Skills funding: return to austerity?

With new IfS figures revealing growing pressures on skills funding, Luke Sibieta finds out where further savings could come from

With new IfS figures revealing growing pressures on skills funding, Luke Sibieta finds out where further savings could come from

26 Oct 2022, 10:00

The government has made technical education and adult skills a priority in order to improve economic growth and ‘level up’ poorer areas of the country. There is clear room for improvement here given low levels of adult skills and low take-up of technical qualifications.

However, rising levels of inflation and student numbers are putting growing pressures on budgets. The government is also more likely to be looking for savings in the upcoming fiscal statement.

Growing pressures

In the decade up to 2019, colleges and sixth forms saw some of the largest funding cuts across all areas of education. Spending per student in further education and sixth form colleges fell by 14 per cent after inflation and by an eye-watering 28 per cent in school sixth forms. The government has sought to change direction by providing an additional £2.3 billion in funding by 2024 compared with 2019. While this represents a significant injection of additional funding over the next few years, the effect on per-student spending will be dampened by rising student numbers and rising levels of inflation.

With the population boom in schools gradually working its way through the system, we already expect student numbers to rise by over 160,000 or 17 per cent between 2019 and 2024. Numbers will continue to rise by 2 per cent between 2024 and 2026.

Rising inflation will also eat into budgets. School sixth forms already face higher costs from rises in teacher pay (more than 5 per cent on average September 2022), an 8-9 per cent increase in support staff pay, as well as pressures from energy and food prices. The proposed pay award for college staff is currently lower at 2.5 per cent (with extra cost of living payments for low-paid staff). This might ease financial pressures on colleges, but might not be sustainable due to competition for staff with schools and ongoing industrial action across colleges.

Given rising inflation and student numbers, we now project that spending per student in colleges in 2024–25 will remain about 11 per cent lower in real terms than it was in 2010–11, and about 27 per cent lower in school sixth forms. These past cuts and further rises in student numbers will make it difficult to cut total funding for colleges and sixth forms.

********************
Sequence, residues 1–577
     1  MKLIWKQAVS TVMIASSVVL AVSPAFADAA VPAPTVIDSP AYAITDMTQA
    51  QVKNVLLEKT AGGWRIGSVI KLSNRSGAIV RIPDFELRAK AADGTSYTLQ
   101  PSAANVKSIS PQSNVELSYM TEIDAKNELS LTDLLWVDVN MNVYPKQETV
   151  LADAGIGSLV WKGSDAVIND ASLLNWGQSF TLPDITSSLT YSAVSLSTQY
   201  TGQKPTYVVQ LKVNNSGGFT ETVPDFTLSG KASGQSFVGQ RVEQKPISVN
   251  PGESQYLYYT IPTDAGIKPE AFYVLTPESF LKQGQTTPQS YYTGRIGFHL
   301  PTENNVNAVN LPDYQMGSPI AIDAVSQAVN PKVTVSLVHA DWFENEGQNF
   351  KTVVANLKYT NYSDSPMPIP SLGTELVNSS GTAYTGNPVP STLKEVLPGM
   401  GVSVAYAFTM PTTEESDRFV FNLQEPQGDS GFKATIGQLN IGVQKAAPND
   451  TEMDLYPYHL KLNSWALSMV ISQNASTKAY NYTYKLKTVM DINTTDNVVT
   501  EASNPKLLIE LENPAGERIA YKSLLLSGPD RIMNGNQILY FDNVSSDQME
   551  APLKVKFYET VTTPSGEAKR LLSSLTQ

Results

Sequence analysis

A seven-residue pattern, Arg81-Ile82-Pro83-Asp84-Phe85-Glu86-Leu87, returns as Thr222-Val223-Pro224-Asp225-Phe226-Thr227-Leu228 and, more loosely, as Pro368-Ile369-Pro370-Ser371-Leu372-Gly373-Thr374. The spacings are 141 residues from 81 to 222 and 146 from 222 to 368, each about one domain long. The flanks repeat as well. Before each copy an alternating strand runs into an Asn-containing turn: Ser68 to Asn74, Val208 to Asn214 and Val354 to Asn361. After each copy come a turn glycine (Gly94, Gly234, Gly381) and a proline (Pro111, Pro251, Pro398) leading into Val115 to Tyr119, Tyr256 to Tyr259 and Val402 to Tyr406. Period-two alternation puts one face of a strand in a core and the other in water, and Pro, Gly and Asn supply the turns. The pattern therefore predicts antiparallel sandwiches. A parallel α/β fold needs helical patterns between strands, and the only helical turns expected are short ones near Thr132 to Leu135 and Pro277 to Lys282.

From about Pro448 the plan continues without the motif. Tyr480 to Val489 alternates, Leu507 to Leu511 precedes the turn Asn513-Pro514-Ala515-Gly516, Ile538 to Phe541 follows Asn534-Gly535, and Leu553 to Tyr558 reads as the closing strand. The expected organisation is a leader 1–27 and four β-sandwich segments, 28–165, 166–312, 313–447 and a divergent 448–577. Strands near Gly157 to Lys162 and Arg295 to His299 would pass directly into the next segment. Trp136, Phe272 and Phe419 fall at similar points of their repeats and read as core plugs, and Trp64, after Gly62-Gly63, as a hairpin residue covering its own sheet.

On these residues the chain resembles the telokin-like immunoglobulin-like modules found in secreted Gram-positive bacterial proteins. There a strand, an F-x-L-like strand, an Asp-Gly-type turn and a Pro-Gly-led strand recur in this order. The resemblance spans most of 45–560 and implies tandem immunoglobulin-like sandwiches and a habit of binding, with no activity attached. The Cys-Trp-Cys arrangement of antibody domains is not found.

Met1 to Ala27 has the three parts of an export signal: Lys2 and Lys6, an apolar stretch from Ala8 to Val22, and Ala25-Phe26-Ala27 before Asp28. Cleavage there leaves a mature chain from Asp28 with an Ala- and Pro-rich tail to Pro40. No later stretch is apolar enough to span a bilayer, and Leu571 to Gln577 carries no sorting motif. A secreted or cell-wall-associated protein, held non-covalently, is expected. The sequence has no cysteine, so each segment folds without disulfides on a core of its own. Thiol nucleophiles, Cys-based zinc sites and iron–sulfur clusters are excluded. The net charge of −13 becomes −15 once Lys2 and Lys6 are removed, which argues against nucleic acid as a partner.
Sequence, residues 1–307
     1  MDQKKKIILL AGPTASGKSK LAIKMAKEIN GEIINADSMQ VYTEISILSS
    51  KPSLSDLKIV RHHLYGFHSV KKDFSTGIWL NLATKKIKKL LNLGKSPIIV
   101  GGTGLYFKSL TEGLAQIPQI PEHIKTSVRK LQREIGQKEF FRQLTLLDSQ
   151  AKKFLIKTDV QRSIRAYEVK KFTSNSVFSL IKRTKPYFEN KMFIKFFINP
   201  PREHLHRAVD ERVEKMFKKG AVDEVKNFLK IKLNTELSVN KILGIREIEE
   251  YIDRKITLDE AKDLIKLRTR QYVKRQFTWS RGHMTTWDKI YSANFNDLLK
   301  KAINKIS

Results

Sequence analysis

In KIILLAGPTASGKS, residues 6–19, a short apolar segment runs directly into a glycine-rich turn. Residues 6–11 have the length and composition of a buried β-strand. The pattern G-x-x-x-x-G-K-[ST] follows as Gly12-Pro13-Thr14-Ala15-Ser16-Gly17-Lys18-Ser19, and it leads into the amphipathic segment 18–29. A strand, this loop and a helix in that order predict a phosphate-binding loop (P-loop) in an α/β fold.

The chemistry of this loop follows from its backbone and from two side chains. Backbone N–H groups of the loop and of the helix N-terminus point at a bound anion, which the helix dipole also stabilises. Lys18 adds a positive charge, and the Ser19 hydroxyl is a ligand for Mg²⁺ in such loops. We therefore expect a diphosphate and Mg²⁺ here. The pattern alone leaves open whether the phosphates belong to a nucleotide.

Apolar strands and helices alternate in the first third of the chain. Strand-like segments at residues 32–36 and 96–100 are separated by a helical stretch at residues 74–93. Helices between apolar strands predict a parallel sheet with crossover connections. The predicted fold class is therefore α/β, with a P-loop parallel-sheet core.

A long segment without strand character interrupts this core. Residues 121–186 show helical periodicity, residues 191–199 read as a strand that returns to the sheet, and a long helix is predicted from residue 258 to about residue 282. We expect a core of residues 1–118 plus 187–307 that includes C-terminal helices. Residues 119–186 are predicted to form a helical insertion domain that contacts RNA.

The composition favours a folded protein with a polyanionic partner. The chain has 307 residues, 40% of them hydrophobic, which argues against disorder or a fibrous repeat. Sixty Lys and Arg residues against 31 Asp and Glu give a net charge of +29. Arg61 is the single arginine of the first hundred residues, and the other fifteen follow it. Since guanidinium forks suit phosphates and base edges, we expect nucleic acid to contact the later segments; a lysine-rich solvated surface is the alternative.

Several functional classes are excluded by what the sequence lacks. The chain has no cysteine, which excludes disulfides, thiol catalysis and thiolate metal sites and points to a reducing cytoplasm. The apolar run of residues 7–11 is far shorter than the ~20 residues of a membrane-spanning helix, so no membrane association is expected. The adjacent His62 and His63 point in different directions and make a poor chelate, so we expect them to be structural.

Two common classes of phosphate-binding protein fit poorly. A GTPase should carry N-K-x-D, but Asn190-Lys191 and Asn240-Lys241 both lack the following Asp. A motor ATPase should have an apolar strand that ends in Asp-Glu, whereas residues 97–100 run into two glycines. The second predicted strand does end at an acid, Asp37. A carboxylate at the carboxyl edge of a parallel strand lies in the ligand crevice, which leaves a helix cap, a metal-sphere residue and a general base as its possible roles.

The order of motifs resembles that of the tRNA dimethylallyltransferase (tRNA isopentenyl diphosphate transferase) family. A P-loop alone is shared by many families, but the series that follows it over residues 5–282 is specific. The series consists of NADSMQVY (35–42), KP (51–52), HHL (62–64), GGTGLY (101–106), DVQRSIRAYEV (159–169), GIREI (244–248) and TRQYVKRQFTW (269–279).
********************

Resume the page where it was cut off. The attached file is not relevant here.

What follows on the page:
Will skills spending be maintained?

Total spending on adult education and apprenticeships fell by 38 per cent after inflation between 2010 and 2020, with most of this driven by a 50 per cent fall in total spending on classroom-based adult education.

This will be partially reversed by an additional £900 million in extra spending in 2024. This includes an additional £550 million to restore full public funding for first full Level 3 qualifications and ‘Skills Bootcamps’, an additional £170 million for apprenticeships and about £190 million per year on the new ‘Multiply’ programme to improve adult numeracy. Even with this extra funding, spending on adult education and apprenticeships will still be more than 25 per cent lower in 2024 than in 2010.

This may be an area where the government looks to make savings. Scaling back new initiatives before they have been fully rolled out, such as ‘Skills Bootcamps’ and the ‘Multiply’ programme, might be easier than cutting existing programmes.

There is also a strong case for reform of the apprenticeship levy and funding system. Since the launch of the apprenticeship levy in 2017, firms have failed to spend about 25 per cent of the money in their digital accounts or about £500 million per year. Failing to spend essentially free money is not usually a good sign of value-for-money.

There are strong incentives to repackage existing training as apprenticeships in order to qualify for subsidy. Labour have already signalled a desire to reform the system to widen what qualifies for subsidy, partly to reduce this incentive.

Furthermore, there are potential sources of inconsistency. Degree-level apprenticeships effectively receive full public funding for course fees up to £27,000. This contrasts with university courses, where students are expected to repay loans to cover their course fees. While there is likely to be little appetite for another big bang reform, there is a strong case for reforming and targeting the system to achieve better value-for-money.

It would therefore not be surprising if the government sought to reform and make savings in the apprenticeships budget.

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